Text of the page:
Wednesday, June 07, 2023

Jacob Ming-Trent Leads Delightful ‘Merry Wives’ In Central Park Celebration – Review

New York City is getting another shot in the arm this summer with Free Shakespeare in the Park’s happy Merry Wives, playwright Jocelyn Bioh’s embraceable adaptation of the Bard’s The Merry Wives of Windsor starring Watchmen‘s Jacob Ming-Trent as that great, rotund creation Falstaff.

Briefly delayed by injury and Covid, Merry Wives opens tonight as a most welcome – and, with vaccines required, as safe as can be – escape from the woes of the world. With an update to a contemporary South Harlem peopled with a splendid assemblage of West African immigrant characters, Merry Wives enhances the classic farce with up-to-the-minute references (including, of course, Covid), the occasional brief snippet of R&B crooning, and a same-sex romance that seems completely at home in the setting.

If the intermission-less production, directed by Saheem Ali, doesn’t quite reach the joyous heights of Kwame Kwei-Armah and Shaina Taub similarly updated Twelfth Night, it’s only because that marvelous 2018 adaptation in the Park set a standard that might loom over Central Park’s outdoor Delacorte Theater for some time to come.

Pascale Armand, Susan Kelechi Watson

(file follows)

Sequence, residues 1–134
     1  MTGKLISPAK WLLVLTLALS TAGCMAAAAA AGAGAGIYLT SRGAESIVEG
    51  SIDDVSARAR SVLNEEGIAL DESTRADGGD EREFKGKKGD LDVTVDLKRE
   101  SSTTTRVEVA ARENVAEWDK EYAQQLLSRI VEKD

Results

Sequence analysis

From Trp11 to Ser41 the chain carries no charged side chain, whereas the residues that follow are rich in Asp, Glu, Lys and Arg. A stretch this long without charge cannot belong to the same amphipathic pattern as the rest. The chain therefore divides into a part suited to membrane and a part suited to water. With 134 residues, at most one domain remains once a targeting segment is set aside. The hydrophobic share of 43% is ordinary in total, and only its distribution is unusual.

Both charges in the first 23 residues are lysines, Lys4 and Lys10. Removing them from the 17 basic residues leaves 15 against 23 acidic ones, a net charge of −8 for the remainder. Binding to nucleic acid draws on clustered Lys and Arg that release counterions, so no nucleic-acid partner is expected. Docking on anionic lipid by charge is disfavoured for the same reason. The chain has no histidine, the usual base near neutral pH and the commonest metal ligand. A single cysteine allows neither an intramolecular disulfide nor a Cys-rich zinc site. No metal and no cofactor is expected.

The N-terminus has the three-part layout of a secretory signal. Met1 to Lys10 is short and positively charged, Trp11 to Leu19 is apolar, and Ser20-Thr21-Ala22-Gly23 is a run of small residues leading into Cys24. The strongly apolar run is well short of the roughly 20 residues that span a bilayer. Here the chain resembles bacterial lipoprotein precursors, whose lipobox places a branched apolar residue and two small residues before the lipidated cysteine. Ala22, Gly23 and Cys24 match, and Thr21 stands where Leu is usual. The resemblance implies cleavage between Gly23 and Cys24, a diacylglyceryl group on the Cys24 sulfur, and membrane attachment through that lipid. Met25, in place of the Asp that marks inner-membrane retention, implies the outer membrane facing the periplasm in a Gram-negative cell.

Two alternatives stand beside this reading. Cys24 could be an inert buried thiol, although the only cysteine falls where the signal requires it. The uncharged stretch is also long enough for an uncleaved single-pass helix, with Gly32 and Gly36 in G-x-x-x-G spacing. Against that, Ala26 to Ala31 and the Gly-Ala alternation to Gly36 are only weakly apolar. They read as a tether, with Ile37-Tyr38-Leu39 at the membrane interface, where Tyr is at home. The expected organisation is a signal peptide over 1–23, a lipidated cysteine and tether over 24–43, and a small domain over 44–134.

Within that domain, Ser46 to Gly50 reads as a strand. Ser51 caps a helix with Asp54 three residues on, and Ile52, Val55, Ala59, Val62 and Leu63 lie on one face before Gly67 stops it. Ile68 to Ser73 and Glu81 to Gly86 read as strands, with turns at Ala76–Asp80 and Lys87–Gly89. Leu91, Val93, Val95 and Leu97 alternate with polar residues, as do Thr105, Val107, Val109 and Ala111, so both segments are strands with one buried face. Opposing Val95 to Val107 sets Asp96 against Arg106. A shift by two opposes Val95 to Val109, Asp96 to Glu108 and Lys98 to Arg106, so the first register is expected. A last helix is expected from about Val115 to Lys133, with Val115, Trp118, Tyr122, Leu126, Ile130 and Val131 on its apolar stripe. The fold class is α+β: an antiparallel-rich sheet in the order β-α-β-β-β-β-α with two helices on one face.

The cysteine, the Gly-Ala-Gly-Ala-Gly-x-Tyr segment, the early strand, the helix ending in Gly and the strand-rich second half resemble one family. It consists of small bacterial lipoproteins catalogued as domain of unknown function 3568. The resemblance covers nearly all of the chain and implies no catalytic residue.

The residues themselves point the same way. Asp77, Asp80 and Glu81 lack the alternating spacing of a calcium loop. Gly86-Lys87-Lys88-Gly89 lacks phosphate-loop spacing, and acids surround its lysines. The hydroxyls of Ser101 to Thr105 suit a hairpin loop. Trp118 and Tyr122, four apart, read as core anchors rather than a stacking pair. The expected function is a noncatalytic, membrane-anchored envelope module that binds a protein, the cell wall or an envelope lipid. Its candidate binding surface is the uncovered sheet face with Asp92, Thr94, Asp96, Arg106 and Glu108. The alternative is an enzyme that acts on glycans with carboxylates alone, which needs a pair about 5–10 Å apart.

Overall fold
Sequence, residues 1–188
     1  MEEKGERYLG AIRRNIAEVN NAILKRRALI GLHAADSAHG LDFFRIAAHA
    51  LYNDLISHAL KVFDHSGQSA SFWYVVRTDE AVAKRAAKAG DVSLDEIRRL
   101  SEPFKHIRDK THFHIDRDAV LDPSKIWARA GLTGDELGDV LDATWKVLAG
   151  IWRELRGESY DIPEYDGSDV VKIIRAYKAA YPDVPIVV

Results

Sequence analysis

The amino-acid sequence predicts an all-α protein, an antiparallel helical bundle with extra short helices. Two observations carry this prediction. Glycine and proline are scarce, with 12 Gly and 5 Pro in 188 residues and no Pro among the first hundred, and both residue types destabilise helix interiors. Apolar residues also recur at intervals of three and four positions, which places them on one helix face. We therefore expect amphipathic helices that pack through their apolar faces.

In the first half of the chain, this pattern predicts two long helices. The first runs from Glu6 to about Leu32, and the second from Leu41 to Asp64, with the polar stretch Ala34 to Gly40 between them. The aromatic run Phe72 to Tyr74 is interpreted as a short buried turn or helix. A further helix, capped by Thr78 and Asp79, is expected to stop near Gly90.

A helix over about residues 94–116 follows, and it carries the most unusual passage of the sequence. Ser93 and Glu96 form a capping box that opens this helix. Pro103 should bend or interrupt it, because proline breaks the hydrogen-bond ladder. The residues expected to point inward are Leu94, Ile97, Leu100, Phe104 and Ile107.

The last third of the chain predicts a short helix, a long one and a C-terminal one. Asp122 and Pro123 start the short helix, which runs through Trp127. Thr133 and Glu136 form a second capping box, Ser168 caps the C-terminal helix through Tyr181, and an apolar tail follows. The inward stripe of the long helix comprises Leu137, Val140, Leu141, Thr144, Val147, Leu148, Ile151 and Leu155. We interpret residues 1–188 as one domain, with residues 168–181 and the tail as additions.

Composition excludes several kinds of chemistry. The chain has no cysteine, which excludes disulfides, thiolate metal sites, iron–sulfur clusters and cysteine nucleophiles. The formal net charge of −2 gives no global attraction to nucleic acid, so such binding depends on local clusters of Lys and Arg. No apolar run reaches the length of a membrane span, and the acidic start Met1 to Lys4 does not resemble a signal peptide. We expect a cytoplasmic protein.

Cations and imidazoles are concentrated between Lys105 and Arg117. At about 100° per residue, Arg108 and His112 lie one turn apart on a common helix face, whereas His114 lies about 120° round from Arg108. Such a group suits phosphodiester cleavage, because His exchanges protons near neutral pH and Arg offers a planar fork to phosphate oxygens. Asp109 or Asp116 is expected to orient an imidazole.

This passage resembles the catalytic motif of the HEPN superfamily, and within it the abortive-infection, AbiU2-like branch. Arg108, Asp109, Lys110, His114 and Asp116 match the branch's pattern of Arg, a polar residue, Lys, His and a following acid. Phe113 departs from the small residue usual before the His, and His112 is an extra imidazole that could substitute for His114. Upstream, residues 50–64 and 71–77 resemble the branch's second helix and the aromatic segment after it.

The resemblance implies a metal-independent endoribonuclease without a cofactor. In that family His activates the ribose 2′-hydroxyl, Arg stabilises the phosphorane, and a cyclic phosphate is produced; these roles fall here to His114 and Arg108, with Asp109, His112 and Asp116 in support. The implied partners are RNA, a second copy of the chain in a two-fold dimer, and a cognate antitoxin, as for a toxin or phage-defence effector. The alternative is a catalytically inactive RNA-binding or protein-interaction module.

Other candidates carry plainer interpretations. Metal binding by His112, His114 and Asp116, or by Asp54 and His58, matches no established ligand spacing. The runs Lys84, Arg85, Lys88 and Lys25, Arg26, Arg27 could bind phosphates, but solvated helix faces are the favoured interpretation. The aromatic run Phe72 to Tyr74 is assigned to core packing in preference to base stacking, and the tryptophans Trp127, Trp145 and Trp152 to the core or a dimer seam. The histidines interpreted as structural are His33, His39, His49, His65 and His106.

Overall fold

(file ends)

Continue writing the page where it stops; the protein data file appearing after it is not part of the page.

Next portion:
Joan Marcus

A perfectly larger than life Ming-Trent leads a terrific, all-Black cast that includes Shola Adewusi, Gbenga Akinnagbe and, as the merry wives, scene-stealers Pascale Armand and Susan Kelechi Watson. All play on Beowulf Boritt’s lovely Harlem streetside set of three storefronts, each swiveling to double-serve as exteriors and interiors, conveying the sense of an entire community in microcosm. When the streetscape gives way to a late-play park scene, the set opens up to make grand use of the Delacorte’s own natural environment.

The bones of Shakespeare’s play remain, if fleshed out a bit with more than a little contemporary explicitness: The self-satisfied buffoon Falstaff sends identical “love” letters to two married women – Armand’s Madam Page and Watson’s Madam Ford – prompting these merry wives to plot an elaborate, farcical revenge that repeatedly sets Falstaff up to be humiliated or worse. Helping carry out the plan is good-hearted Mama Quickly (Shola Adewusi), a schemer to rival even the devious Falstaff.

There’s also a jealous husband (Akinnagbe), a trusting husband (Kyle Scatliffe), a fearful preacher at odds with a blustering doctor (Phillip James Brannon, David Ryan Smith, respectively), and a neighborhood elder (Julian Rozzell Jr.) who wants to marry off his timid nephew (Joshua Echebiri) to the daughter (Abena) of one of the merry wives.

Alas, for the nephew anyway, that daughter, Anne Page, has eyes only for the earnest and equally smitten young Fenton, here played by MaYaa Boateng and giving the production a same-sex twist that works beautifully. The opposition of Anne’s father to her relationship with Fenton takes on added reverberations.

The cast of ‘Merry Wives’
Joan Marcus

This still being a Shakespeare comedy, all’s well that ends well, and all ends especially well with a visually magnificent scene involving spirits attired in African costumery (designed by Dede Ayite) and a lighting display (designed by Jiyoun Chang) that emblazons the Central Park surroundings with the vibrancy this city has so missed.

Free Shakespeare in the Park’s Merry Wives opens at the The Delacorte Theater in Central Park tonight and runs through September 18.


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